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DPRK gets second link to Internet North Korea no longer relies on a single foreign telecom company to carry its Internet traffic to and from the rest of the world. Ever since Star Joint Venture launched the country’s first fully-fledged Internet connection in 2010, North Korean traffic has flowed across the country’s northern border and through an interconnection with China Netcom. China Netcom is one of China’s largest Internet backbone providers. In the last few days the country’s sole Internet operator has begun using an interconnection with Intelsat, the Washington-based international satellite operator, to offer a second route to its network. Existence of the link was revealed through analysis and monitoring of BGP (border gateway protocol) messages. These are automated announcements that constantly flow between routers and switches that make up the global Internet backbone and help determine the constantly-changing web of thousands of connections that link service providers worldwide. Until April 4, North Korea’s Star JV network had only announced a link via China Netcom. So, when you typed “www.kcna.kp” into your browser, routers at your service provider determined the best way to reach Pyongyang knowing the last-but-one stop would be China Netcom. Now there’s a choice. A second route via Intelsat started appearing in BGP announcements from April 5 (around 6am local Pyongyang time). Detected prefix: 22.214.171.124/24 , Announced by AS131279 (STAR-KP -- Ryugyong-dong) Detected upstream/next hop AS: AS22351(INTELSAT Intelsat Global BGP Routing Policy) The new route provides some backup, should China Netcom have a problem, and means users in some countries might see faster connection times to hit North Korea’s handful of websites. NorthKoreaTech analysis of traffic to sites like KCNA from points around the globe shows the majority of connections still appear to run via China Netcom, but some are being made through Intelsat. Star JV, the service provider formed by the country’s telecom ministry and Thailand’s Loxley Pacific, remains tight-lipped about its plans. It’s unknown if this connection is a temporary one, perhaps for an anticipated surge in traffic around the April 15th anniversary of the 100 years since the birth of Kim Il Sung, or if it will continue.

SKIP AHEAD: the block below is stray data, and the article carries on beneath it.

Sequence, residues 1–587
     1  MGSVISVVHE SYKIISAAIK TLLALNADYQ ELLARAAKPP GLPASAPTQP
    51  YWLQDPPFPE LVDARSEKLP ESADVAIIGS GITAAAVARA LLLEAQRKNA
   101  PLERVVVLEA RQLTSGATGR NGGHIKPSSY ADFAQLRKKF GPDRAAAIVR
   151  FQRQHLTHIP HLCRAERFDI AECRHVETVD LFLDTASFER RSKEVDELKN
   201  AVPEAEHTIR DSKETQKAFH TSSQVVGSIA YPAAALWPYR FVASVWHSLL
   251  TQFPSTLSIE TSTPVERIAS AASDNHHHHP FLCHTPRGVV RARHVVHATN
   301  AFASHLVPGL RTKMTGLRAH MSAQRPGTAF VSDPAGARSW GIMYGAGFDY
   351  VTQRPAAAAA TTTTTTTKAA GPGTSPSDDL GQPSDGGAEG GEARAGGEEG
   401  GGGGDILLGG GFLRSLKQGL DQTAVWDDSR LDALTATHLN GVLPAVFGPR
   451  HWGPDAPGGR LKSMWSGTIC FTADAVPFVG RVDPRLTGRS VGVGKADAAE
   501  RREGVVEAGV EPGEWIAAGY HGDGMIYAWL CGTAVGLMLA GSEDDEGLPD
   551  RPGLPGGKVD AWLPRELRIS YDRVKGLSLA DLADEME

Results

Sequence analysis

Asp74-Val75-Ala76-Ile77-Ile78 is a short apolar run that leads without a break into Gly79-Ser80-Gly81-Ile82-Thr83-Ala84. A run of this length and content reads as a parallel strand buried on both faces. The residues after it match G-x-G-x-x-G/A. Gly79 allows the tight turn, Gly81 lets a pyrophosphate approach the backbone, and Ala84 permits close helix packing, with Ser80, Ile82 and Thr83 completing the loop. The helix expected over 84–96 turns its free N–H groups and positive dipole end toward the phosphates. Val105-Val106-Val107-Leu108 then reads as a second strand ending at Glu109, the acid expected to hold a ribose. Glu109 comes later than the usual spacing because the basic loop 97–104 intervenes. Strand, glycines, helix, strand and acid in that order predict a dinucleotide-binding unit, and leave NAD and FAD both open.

Domain name servers for KP are now located on a network operated by Star JV, a telecommunications joint venture between the North Korean government and Thailand's Loxley Pacific.
126.96.36.199 is an NK website IP.
Visit to Pyongyang Kim Jong Suk Textile Mill Kim Jong Un, First Secretary of the Workers' Party of Korea, First Chairman of the National Defence Commission of the DPRK and Supreme Commander of the Korean People's Army, gave field guidance to the Pyongyang Kim Jong Suk Textile Mill. Shaking hands with officials of the mill one by one, he said he came to the mill to meet its workers who have fulfilled the production quotas assigned by the Party and are bringing about miracles and innovations in the year-end drive. He handed his autograph "Pyongyang Kim Jong Suk Textile Mill" to the officials.
All of North Korea's routing is done through China Netcom, which is now part of China Unicom
As North Korea's sole Internet provider, it would be easy for China Unicom to disable North Korea's access
originally posted by: BlastedCaddy
a reply to: Rocker2013
Couldn't agree more about NoKo and it's man child leader. It is that mentality that is concerning. When does his fantastical reality cross over to the rest of the worlds. When he is at his most embarrassed. If this is a retaliation of sorts he will react like a child. Kids are kids. One boys BB Gun is another boys nuke.
originally posted by: LordGoofus
Response times are super slow, but the first link to the NK news site loads fine for me. Trace route is showing it's connecting through a Chinese ISP, which is consistent with what someone mentioned in an earlier post. If there's only one (maybe two) routes in and out of North Korea then it's more than likely the Chinese telecom was experiencing network issues.
The other possibility is they botched a change to the great firewall of NK and accidentally blocked every domain known to man instead of a select few.